The Timaeus and Critias cannot even be properly dated, and what appears to have been planned as a trilogy exists only as one and half dialogues.
While it is generally believed that Atlantis's punishment was its destruction, the Critias seems to imply that the gods' first punishment for the Atlanteans was encouraging war between Athens and Atlantis.
Not only the Timaeus and Critias dialogues, but the very absence of a Hermocrates dialogue, may be products of this failure; Hermocrates, it is believed, was intended to take the cosmic assertions of the Timaeus and the ancient, lost history of the Critias, and bring the story into the present, dealing with current issues.
www2.kenyon.edu /Depts/IPHS/Projects/Stella/Plato.htm   (1867 words)

  
 Plato, Critias ToC: The Online Library of Liberty   (Site not responding. Last check: 2007-09-17)
Steph. 106Timaeus concludes with a prayer that his words may be acceptable to the God whom he has revealed, and Critias, whose Steph. 107turn follows, begs that a larger measure of indulgence may be conceded to him, because he has to speak of men whom we know Steph. 108and not of gods whom we do not know.
And now having offered my prayer I deliver up the argument to Critias, who is to speak next according to our agreement1.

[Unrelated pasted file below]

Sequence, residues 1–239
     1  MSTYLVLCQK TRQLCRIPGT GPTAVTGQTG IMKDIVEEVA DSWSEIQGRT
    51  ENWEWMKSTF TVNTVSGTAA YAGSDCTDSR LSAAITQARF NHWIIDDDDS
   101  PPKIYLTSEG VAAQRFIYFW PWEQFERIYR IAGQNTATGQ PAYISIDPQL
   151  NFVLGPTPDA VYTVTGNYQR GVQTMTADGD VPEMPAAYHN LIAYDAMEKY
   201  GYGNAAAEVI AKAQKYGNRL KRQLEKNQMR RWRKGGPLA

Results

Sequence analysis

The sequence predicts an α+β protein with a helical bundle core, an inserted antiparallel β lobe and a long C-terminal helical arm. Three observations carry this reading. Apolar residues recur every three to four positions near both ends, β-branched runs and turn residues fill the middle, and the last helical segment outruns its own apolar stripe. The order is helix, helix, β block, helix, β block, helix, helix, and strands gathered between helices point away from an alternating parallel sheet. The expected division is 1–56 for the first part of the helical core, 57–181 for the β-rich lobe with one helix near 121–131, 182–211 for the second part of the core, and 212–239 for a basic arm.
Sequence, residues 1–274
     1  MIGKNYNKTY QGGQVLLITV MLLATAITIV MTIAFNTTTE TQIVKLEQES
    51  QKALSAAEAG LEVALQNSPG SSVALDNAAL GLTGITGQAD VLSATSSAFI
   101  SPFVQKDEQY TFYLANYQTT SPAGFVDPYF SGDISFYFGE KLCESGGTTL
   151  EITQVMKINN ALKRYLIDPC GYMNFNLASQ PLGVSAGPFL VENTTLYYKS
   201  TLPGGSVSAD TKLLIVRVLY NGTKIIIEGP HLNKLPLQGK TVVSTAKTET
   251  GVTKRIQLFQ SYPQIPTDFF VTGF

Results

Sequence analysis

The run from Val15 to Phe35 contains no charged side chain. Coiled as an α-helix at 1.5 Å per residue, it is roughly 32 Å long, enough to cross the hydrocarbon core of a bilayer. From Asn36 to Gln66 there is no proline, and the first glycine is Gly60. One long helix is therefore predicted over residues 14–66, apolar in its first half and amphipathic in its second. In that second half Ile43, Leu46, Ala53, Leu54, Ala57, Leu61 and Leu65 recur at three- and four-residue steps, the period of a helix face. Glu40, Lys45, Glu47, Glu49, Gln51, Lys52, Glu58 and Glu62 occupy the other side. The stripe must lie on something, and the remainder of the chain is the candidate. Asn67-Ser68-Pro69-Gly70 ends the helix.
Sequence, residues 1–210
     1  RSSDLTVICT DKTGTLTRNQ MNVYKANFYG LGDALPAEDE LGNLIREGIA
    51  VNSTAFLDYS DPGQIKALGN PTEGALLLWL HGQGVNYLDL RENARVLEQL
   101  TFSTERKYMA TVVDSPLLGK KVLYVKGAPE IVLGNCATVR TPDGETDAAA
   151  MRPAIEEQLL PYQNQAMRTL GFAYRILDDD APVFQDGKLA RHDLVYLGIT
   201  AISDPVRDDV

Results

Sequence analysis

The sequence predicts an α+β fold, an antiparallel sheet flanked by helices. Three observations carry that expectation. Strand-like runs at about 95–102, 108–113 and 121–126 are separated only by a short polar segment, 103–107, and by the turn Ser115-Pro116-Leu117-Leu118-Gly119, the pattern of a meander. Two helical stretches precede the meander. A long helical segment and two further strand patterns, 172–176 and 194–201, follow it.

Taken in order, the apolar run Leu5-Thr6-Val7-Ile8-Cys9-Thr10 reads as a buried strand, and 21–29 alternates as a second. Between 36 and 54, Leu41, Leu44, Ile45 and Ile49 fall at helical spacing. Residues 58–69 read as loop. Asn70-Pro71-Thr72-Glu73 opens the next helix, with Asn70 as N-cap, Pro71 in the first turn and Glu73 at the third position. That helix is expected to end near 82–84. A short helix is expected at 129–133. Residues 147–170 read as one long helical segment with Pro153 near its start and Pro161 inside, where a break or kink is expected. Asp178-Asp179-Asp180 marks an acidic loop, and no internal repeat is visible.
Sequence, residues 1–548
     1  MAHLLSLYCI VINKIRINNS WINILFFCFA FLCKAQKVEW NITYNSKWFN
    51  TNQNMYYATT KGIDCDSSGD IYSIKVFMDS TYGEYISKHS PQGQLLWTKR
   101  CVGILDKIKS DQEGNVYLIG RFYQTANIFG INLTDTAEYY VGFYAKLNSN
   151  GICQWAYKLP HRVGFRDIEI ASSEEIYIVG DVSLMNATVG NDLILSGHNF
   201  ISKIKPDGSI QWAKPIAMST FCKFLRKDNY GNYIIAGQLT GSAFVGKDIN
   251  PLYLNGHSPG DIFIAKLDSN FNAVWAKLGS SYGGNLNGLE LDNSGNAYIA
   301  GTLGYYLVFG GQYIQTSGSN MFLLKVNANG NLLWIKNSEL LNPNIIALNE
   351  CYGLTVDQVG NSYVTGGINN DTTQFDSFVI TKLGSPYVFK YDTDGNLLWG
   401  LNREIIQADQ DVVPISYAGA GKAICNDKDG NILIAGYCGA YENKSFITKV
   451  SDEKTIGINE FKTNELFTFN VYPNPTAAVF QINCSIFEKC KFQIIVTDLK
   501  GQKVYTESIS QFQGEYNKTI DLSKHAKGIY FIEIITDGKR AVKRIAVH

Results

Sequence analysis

Critias asks for greater indulgence than was shown to Timaeus on the ground that it is easier to speak well of the Gods, whom we do not
oll.libertyfund.org /Home3/HTML.php?recordID=0344   (6276 words)

  
 The Critias fragment - ExChristian.Net - Articles
AD) assumes that "Critias" is the same Critias as Plato's uncle, the leader of the Thirty tyrants who ruled Athens briefly at the end of the Peloponnesian War.
This citation is generally taken to be an extract from a tragedy or satirical drama called Sisyphus, a discourse placed in the mouth of one of its characters.
If the historical Critias is its source, then this document goes back to the 5th century B.C. In any case, it probably reflects ideas of approximately that time.
exchristian.net /exchristian/2004/10/critias-fragment.php   (548 words)

  
 Critias
Critias, 460-403 BC, was the uncle of Plato, leading member of the Thirty Tyrants, and one of the most violent.
He was killed in a battle on the hill of Munychia when Thrasybulus seized the Piraeus, and managed to defeat the oligarchs.
Critias is also a work by Plato, see Critias (Plato).
www.mlahanas.de /Greeks/Bios/Critias.html   (271 words)

  
 Study of the "Timaeus" & "Critias"- AR Group's Cooperative Look - Atlantis Rising
On page 1 of the Timaeus quote, Critias is saying his presentation of the Athens/Atlantis story will be a hymn of praise to the Goddess on the occasion of her Panathenaea festival.